Going one step down the OSI stack, IP Security (IPSec) guarantees the data privacy and integrity of IP packets, regardless of how the application used the sockets. This means any application, as long as it uses IP to send data, will benefit from the underlying secure IP network. Nothing has to be rewritten or modified; it even is possible that users won't be aware their data is being processed through encrypting devices.
This solution is the most transparent one for end users and the one most likely to be adopted in the future in the widest range of situations. The main drawback of IPSsec lies in its intrinsic infrastructural complexity, which demands several components to work properly. IPSec deployment must be planned and carried out by network administrators, and it is less likely to be adopted directly by end users.
IPSec has been designed to meet four different goals:
Privacy to ensure data confidentiality. In other words, it must not be possible for eavesdroppers to sniff your data over the network and read what you are sending. In one of its two working modes, IPSec also allows for traffic flow confidentiality; not only will the eavesdropper be prevented from reading your data, but he will not even know who you are communicating with.
Integrity to guarantee that data has not been tampered with. No one will be able to modify your data as it is flowing by without the legitimate receiver noticing it. An interesting property of IPSec is it provides connectionless integrity, in the sense that protection is applied to each individual IP datagram.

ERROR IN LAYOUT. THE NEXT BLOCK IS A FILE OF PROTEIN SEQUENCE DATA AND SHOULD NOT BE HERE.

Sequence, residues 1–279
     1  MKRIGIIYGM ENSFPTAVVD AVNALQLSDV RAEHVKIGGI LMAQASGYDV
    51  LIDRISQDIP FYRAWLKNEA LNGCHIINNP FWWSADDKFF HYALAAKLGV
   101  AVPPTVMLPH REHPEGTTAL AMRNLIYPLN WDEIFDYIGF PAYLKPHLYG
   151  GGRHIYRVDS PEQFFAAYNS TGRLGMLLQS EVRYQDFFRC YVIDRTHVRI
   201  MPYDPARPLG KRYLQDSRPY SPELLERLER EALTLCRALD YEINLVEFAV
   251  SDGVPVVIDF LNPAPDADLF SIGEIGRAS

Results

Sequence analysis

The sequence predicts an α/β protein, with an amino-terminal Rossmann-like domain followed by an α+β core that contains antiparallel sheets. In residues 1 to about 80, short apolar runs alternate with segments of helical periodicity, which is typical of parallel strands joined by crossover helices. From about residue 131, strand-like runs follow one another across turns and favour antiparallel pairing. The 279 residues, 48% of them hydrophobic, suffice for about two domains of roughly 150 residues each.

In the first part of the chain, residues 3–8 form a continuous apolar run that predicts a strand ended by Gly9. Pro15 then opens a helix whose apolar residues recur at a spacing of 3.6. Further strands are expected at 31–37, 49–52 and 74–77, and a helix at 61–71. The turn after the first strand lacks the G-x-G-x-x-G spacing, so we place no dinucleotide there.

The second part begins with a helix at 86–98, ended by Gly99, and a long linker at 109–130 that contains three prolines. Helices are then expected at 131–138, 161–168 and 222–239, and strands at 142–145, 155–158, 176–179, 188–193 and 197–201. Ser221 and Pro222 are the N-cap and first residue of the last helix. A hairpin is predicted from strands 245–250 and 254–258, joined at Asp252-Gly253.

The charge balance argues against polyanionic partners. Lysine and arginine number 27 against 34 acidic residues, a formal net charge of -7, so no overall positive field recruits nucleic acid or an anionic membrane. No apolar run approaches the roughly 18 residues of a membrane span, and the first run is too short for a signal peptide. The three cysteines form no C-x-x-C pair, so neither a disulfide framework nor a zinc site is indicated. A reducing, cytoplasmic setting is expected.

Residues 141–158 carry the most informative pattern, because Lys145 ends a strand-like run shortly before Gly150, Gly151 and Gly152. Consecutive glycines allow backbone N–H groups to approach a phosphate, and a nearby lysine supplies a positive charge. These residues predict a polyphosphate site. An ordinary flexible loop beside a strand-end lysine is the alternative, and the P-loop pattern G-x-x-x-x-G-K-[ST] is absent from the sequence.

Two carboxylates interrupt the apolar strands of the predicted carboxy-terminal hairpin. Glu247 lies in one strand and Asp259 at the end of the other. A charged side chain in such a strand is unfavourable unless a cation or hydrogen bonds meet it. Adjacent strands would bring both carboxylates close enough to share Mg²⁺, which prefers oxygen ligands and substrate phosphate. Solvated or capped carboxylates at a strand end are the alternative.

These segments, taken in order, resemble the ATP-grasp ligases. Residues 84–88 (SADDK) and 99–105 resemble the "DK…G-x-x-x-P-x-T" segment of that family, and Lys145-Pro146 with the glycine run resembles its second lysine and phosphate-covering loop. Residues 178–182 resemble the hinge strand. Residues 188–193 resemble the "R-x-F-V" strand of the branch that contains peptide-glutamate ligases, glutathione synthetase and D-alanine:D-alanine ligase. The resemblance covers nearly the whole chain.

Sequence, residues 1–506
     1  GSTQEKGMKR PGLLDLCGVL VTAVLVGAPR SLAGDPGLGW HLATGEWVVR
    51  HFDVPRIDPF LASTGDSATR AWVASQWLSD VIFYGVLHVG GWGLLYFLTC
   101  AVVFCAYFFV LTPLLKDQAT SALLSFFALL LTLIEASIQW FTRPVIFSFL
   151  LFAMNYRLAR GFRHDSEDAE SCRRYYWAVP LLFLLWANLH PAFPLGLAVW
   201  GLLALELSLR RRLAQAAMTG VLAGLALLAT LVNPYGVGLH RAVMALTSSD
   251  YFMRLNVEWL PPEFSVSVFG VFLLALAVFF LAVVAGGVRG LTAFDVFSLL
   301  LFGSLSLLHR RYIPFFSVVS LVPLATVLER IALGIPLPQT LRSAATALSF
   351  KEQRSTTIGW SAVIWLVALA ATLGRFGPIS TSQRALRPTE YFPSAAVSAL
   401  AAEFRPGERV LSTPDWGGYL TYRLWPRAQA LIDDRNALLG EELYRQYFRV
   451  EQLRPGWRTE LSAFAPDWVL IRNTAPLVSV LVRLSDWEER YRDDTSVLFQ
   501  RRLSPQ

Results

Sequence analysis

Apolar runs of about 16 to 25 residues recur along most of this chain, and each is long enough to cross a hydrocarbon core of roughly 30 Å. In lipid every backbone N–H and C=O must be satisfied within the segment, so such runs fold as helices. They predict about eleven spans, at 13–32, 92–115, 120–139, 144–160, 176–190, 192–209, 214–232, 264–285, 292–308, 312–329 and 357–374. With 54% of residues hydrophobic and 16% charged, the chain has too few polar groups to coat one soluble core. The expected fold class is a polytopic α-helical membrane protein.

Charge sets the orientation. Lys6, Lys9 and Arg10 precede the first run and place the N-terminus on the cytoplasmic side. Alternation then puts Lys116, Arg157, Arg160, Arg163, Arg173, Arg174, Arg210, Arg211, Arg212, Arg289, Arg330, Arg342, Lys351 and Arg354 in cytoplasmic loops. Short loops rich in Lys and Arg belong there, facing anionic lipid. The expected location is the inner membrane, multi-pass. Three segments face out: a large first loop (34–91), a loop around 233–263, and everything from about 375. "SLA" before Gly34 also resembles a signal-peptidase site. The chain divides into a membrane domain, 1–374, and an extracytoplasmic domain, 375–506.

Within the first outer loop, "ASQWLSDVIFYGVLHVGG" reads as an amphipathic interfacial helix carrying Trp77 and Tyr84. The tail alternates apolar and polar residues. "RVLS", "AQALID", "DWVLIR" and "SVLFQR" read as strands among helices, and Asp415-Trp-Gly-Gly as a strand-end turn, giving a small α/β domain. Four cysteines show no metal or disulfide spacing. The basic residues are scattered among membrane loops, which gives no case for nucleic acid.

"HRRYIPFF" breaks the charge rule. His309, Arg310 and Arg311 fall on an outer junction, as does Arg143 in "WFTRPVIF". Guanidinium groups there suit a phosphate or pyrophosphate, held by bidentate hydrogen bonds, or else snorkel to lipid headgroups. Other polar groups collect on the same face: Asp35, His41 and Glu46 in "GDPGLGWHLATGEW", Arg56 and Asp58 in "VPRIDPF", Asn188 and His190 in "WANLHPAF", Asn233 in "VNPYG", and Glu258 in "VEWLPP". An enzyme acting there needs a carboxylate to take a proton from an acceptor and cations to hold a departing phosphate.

Authenticity to protect against identity spoofing. Attackers will no longer be able to pass themselves off as you by simply forging packets bearing your IP address or carrying data allegedly written by you. Each packet carries a type of "signature" that uniquely identifies you as the sender. This is also important for putting sophisticated access control mechanisms in place.
Robustness to prevent DoS and replay attacks. IPSec detects the arrival of duplicate IP datagrams, thus preventing attackers from recording a legitimate session and playing it back (by sending the packets again to the destination).
Depending on how IPSec is used either data integrity alone or data integrity and confidentiality are guaranteed. This allows for a modular adoption of IPSec's mechanisms. IPSec works with IPv4 as well as with IPv6, in which it is a mandatory component.
IPSec is specified by a set of IETF standard track documents, namely RFCs 2401 to 2411 and 2451, which define an architecture composed of an encryption facility (the IPSec protocol proper) and a key exchange infrastructure (named IKE, for internet key exchange). As we will see in part 2, IKE sets up the trust relationship between two peers.
The IPSec framework does not specify exactly which encryption algorithms must be used by its implementations. Instead, it provides an empty infrastructure where the desired algorithms may be set. This actually is a smart design decision, because it allows the implementations to be modular, customizable for specific problems and easily upgradable with new algorithms. A standard set of default algorithms is specified by the relevant RFCs in order to foster the early adoption of IPSec.
Depending on which devices it is deployed on, the adoption of IPSec takes the form of one of the following typical scenarios: